You can make this pork tenderloin with Guinness glaze for St. Patrick’s Day or any day of the year. It’s a delicious dish for beer lovers. The Guinness glaze is sweet and savory, with a good hoppy bitterness added from reducing the Guinness to a thick syrup. The pork is tender and juicy. Served with a wedge of roasted cabbage and buttery parsley potatoes, this recipe is a fresh alternative to the old corned beef and cabbage.
Back in 2011, the USDA lowered the recommended safe cooking temperature of pork to 145 degrees instead of 160. This is important to know when cooking something as lean as a pork tenderloin. Over cooking produces a dry, chewy piece of pork—something I’m sure everyone has experienced. Cooked correctly, pork is juicy, pale pink and tender enough to cut with a fork.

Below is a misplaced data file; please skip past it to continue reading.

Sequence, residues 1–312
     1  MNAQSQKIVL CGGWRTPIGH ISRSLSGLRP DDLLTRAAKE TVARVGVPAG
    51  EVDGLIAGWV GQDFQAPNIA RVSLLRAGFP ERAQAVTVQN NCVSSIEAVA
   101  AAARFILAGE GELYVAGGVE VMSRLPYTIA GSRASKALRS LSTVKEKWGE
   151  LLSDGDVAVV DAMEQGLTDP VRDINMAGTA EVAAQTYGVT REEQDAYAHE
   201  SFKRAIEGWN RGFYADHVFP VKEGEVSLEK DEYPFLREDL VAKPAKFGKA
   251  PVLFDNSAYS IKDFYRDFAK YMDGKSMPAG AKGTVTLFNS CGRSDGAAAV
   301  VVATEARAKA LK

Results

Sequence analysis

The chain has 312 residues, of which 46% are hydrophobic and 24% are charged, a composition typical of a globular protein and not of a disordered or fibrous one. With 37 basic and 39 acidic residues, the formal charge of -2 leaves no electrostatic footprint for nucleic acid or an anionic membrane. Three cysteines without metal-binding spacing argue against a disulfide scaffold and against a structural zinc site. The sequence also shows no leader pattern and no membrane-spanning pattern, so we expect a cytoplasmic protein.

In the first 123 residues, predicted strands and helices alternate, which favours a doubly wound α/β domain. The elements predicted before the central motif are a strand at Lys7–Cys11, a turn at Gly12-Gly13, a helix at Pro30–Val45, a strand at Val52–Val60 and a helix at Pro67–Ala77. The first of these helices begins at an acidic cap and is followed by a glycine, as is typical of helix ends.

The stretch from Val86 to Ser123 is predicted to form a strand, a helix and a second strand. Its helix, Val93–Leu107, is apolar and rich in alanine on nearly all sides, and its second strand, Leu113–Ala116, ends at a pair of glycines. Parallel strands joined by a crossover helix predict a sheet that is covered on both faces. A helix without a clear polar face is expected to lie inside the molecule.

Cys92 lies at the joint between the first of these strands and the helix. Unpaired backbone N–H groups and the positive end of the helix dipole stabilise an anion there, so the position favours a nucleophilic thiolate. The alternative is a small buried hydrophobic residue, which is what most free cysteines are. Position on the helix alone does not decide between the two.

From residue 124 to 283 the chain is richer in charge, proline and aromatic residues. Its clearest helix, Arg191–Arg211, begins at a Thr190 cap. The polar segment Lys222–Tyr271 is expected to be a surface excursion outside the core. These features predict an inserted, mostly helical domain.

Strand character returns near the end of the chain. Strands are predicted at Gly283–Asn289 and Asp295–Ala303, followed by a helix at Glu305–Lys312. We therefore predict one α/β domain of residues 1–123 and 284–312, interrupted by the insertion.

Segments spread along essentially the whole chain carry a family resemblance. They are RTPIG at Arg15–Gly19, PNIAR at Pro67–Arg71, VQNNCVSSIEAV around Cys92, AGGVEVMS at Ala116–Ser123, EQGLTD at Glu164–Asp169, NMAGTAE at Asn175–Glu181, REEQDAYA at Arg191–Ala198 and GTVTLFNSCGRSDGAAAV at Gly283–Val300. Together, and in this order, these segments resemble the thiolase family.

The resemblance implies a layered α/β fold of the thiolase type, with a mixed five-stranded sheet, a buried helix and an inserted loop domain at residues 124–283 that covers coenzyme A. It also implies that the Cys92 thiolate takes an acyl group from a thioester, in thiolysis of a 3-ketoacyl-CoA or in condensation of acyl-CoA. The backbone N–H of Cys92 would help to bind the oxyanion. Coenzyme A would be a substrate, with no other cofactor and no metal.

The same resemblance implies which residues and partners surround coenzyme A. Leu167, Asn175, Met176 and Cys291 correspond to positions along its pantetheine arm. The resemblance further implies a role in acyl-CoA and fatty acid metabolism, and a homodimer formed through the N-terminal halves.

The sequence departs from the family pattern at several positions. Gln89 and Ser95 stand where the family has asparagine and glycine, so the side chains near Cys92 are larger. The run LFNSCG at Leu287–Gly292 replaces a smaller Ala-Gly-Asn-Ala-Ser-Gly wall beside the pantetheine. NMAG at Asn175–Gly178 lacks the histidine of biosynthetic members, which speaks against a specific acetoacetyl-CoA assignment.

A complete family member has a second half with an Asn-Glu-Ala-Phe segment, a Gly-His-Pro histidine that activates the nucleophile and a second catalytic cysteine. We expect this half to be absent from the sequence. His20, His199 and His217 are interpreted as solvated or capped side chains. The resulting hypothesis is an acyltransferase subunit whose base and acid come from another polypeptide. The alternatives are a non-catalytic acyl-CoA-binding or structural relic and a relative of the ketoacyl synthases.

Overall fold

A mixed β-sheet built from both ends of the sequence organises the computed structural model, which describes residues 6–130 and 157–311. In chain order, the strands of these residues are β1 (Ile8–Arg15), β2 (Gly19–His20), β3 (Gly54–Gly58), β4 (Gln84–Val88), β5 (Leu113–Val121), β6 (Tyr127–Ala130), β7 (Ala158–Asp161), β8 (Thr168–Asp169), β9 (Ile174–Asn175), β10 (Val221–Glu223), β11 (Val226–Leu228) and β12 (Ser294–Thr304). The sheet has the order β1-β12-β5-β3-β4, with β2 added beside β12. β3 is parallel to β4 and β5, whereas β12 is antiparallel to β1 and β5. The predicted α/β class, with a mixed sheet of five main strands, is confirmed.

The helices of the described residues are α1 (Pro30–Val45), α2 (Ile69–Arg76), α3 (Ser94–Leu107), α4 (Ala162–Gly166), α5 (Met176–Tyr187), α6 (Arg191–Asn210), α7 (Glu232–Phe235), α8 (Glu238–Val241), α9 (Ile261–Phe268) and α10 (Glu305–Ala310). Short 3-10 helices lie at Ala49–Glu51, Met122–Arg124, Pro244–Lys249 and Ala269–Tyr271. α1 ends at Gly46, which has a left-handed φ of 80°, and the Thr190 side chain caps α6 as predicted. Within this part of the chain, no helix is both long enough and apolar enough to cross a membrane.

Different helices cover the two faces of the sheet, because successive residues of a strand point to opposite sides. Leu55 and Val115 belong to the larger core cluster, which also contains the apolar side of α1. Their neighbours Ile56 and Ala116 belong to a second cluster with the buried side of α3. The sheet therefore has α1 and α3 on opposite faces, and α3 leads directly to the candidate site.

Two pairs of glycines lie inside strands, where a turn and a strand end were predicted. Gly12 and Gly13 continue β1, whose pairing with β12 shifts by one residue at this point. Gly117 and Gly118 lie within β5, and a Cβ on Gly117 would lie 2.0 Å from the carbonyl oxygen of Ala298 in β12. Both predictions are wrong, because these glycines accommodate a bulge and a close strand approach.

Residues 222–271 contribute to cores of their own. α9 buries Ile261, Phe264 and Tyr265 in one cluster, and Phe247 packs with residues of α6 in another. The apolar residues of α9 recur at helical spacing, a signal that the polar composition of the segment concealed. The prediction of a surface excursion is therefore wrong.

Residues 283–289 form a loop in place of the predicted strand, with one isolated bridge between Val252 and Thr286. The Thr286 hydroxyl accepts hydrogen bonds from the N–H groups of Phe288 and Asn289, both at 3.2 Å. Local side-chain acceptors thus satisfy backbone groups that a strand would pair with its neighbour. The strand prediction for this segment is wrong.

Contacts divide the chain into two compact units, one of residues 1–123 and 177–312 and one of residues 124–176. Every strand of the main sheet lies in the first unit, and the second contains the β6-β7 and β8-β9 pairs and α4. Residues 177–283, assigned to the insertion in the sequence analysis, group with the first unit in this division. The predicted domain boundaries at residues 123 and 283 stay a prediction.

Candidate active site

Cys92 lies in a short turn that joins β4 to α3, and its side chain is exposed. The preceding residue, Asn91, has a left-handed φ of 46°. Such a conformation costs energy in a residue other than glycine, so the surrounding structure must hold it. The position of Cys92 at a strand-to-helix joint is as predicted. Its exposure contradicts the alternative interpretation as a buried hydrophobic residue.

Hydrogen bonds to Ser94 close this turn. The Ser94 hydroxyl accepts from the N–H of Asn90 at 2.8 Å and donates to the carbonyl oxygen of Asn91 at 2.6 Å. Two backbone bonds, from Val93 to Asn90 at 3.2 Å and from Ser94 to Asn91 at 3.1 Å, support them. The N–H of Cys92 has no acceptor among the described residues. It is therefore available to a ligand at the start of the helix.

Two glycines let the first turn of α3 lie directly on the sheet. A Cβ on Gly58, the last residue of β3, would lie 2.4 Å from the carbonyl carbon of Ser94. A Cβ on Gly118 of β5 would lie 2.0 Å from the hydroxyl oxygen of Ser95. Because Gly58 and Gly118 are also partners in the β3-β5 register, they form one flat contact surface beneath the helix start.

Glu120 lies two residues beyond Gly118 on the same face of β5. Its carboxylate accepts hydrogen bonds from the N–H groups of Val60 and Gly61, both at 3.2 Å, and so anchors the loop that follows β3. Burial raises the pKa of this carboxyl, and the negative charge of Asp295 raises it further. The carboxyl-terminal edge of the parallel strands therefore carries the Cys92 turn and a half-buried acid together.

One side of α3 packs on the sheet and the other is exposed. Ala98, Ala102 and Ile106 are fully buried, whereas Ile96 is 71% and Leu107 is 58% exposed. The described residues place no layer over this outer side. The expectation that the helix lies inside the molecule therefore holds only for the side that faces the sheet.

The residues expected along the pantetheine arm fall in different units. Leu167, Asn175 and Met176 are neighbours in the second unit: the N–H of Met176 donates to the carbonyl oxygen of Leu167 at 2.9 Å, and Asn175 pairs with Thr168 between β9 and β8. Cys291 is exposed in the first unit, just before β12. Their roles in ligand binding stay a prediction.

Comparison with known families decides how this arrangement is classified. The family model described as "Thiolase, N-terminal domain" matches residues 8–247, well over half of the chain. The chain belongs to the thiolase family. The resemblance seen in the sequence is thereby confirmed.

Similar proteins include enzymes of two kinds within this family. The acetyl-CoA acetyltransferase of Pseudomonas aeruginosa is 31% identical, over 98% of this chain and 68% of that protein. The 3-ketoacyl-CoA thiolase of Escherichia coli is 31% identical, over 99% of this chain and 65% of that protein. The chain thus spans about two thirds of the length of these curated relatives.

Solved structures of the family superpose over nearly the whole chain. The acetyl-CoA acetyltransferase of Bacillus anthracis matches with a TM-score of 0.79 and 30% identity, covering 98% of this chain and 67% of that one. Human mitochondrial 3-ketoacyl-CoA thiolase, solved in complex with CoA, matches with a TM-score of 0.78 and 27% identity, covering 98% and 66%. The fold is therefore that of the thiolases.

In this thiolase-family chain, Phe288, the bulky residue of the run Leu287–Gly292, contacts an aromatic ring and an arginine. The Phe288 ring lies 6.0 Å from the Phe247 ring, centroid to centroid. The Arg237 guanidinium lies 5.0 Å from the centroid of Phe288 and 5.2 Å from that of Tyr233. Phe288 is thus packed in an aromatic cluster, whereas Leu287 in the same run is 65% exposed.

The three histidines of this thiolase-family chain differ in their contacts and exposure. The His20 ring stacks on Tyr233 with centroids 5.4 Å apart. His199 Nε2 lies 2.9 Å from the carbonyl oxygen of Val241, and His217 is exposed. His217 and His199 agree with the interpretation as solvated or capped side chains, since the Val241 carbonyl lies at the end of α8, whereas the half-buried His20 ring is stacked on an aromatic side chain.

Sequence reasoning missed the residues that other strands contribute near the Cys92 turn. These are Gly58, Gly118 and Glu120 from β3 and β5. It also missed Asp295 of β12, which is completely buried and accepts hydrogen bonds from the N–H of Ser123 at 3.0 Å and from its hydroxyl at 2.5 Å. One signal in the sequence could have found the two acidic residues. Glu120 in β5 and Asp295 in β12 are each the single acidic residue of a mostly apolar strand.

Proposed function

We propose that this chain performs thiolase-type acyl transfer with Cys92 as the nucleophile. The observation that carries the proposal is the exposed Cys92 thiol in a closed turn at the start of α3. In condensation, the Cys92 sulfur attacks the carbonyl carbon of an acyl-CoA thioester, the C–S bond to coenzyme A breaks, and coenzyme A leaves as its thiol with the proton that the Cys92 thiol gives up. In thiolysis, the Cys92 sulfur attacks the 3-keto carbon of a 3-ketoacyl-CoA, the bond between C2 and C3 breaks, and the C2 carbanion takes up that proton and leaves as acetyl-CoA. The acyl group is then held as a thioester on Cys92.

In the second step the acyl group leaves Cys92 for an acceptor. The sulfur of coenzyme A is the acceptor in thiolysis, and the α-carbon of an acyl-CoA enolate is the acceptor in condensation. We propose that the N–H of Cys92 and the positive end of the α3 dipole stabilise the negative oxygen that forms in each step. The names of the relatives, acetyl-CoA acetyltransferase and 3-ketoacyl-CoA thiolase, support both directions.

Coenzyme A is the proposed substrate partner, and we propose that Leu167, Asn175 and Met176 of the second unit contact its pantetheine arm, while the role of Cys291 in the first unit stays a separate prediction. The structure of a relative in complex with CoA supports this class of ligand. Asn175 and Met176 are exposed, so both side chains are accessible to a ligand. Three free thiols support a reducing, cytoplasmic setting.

If you love Guinness (or know someone who does) try cooking with it more often. It goes well in stews and soups, adding richness and color to the dish. With notes of coffee and chocolate, Guinness goes well in dessert recipes too. Don’t miss this recipe for Guinness chocolate cake with Bailey’s Irish Crème Anglaise or Guinness Ice Cream Floats.
Add the Guinness, apricot preserves, brown sugar and garlic to a small saucepan and bring to a simmer. Cook on low heat, stirring every few minutes, until the sauce is reduced to a thick syrup, about 20 minutes. It should coat the back of a spoon.
Heat oven to 425 degrees F/220 degrees C.
Trim any silver skin from tenderloins with a small sharp knife. Pat pork dry with paper towels. Season tenderloins well on all sides with salt and pepper.
Heat oil in a large skillet over medium heat until shimmering. Add pork and sear until browned on all sides, about 10-12 minutes.
Brush the tenderloin with the Guinness glaze and transfer the skillet to the oven. Cook pork 10-15 minutes, basting once. Remove from the oven when the internal temperature reaches 145 degrees (63C). Allow to rest 10 minutes before slicing. Serve the pork drizzled with more glaze.